Teaching Idea

"The Newspaper Games"
Molly Chapman, West Hill Elementary

"Current events can get tiresome for my students. I decided to make it more fun by incorporating a few fun activities.

Start collecting newspapers right away. The dates of the paper are irrelevant. Everyone in my family saves their papers and gives them to my class. We do a variety of activities that are Interdisciplinary and very educational. Here are a number of newspaper games I play with my students:

1. I give students a headline and have them write an article. You can reverse this and have them create a headline for an article that you provide.
2. If I come across articles that are on the same topic, but from different authors, have them create a Venn Diagram that compares the articles.
3. I have them write job classifieds for fictitious jobs that we create.
4. I have them compare advertisements for similar products and they must decide which product is best.
5. I cut out headlines and have them match articles to the headlines."

Teaching Idea

"How To Choose A Candidate"
Mr. James Mackelern, Social Studies

"I just wanted to share a new project we are doing this year. The Social Studies Teachers had a few days to work together over the summer and we put a great elections project together. We had the ability to telecommunicate with Social Studies teachers from around the country. They were a great help in putting the project together. Many other Teachers are doing this project at the same time and we can compare our results.

Students are interviewing 5 registered voters who they come in contact with on a daily basis. The objective of the interviews is for students to ascertain the salient issues that affect this person and which Presidential candidate meets their value system. We have all students present their results. The next step is to analyze the data. We are going to categorize all potential voters and see how the vote swings based on the categories.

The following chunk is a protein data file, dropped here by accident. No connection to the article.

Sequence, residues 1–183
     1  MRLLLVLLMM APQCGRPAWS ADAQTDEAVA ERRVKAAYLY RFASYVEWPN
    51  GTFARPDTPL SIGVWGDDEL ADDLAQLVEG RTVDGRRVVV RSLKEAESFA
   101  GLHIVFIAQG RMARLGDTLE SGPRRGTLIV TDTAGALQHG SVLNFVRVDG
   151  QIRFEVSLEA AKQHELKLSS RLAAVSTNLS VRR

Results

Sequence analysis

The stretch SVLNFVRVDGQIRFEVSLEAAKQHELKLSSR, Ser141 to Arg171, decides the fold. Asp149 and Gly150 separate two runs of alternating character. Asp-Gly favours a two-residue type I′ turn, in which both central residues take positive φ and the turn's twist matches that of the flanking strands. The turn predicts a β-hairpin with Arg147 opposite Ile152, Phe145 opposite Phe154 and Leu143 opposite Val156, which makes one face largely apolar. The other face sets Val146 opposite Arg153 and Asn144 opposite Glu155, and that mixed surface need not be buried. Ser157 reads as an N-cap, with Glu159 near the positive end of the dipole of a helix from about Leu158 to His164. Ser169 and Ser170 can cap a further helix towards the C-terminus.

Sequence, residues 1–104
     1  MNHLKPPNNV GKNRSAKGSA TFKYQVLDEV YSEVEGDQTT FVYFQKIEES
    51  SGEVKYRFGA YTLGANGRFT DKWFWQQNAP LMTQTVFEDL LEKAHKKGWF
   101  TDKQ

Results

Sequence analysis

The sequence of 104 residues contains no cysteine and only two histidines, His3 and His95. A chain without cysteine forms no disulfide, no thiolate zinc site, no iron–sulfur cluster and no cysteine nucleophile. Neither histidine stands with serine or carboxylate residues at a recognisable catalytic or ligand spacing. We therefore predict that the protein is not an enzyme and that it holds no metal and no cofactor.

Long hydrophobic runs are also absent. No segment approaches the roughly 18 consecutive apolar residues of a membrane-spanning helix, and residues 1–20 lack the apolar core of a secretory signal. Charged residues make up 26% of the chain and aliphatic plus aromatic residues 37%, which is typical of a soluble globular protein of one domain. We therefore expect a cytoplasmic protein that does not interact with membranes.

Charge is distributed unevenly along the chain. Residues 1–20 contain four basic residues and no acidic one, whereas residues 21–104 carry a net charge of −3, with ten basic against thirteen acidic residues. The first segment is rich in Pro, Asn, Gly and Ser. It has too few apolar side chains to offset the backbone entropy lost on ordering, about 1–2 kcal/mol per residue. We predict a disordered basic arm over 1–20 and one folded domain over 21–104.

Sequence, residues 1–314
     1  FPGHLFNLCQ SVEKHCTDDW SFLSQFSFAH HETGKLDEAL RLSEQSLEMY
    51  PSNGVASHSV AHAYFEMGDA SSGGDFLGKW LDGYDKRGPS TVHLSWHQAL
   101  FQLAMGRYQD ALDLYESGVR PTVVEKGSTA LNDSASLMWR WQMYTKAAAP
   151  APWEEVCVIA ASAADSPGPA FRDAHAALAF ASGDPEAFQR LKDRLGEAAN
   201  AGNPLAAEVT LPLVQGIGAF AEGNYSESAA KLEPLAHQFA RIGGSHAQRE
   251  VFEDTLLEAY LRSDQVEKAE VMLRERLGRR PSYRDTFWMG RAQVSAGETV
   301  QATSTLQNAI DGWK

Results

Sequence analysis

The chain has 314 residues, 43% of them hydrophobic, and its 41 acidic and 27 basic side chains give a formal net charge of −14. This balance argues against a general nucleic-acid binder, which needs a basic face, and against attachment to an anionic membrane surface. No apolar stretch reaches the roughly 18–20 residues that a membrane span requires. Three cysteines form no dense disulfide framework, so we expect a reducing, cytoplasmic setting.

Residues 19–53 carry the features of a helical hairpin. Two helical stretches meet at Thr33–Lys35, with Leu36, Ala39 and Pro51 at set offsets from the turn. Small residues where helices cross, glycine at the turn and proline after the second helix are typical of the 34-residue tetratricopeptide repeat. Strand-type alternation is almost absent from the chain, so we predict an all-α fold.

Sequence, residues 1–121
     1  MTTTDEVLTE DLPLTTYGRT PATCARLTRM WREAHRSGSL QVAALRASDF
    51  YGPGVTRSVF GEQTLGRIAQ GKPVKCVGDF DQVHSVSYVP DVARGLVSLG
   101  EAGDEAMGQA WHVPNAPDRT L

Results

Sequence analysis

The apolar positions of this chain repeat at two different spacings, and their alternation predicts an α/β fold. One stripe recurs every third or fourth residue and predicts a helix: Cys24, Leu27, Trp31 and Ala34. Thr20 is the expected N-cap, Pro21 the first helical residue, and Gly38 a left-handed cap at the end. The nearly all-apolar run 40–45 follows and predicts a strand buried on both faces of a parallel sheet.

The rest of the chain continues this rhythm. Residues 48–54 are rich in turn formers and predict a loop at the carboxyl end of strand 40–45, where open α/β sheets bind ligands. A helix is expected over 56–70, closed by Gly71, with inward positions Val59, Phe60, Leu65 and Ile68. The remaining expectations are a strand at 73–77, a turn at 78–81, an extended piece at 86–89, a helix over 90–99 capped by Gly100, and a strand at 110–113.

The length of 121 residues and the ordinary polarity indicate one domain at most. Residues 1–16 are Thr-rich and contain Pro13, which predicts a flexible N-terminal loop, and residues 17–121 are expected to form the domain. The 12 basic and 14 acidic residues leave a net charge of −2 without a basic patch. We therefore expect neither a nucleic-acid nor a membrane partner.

I am also keeping in contact with a classroom teacher from the Midwest who is doing the same project. We will be presenting the results of both classes to our students. I feel the students are really beginning to understand the huge importance of a single issue."

Teaching Idea

"Holiday Geography"
Gary Jelters, Veteran Social Studies Teacher

"It's very hard to get the kids to work for you on the last day before the holiday break.

Every year on the last two days of school, I do a little Holiday Geography with my students. This is an extra credit activity. On day one, we discuss the major December celebrations of the cultures all over the world. We then create small printer labels with a symbol for the various holiday celebrations (i.e. a tree represents Christmas, a menorah represents Hanukkah). I enlarge a map of the world with the photocopier to be the size of the blackboard. Each students picks at least 2 printer labels and we take turns identifying the majority celebration in as many countries as possible countries. I have students print their names at the bottom of the labels prior to placing it on a country.

On day two, students research the countries they identified to hold certain majority celebrations. They must prove or disprove their original choice in writing. I award only a few extra points, if their original choice was correct. I award many more extra points, if they prove or disprove their original choice in writing. This activity really engages students."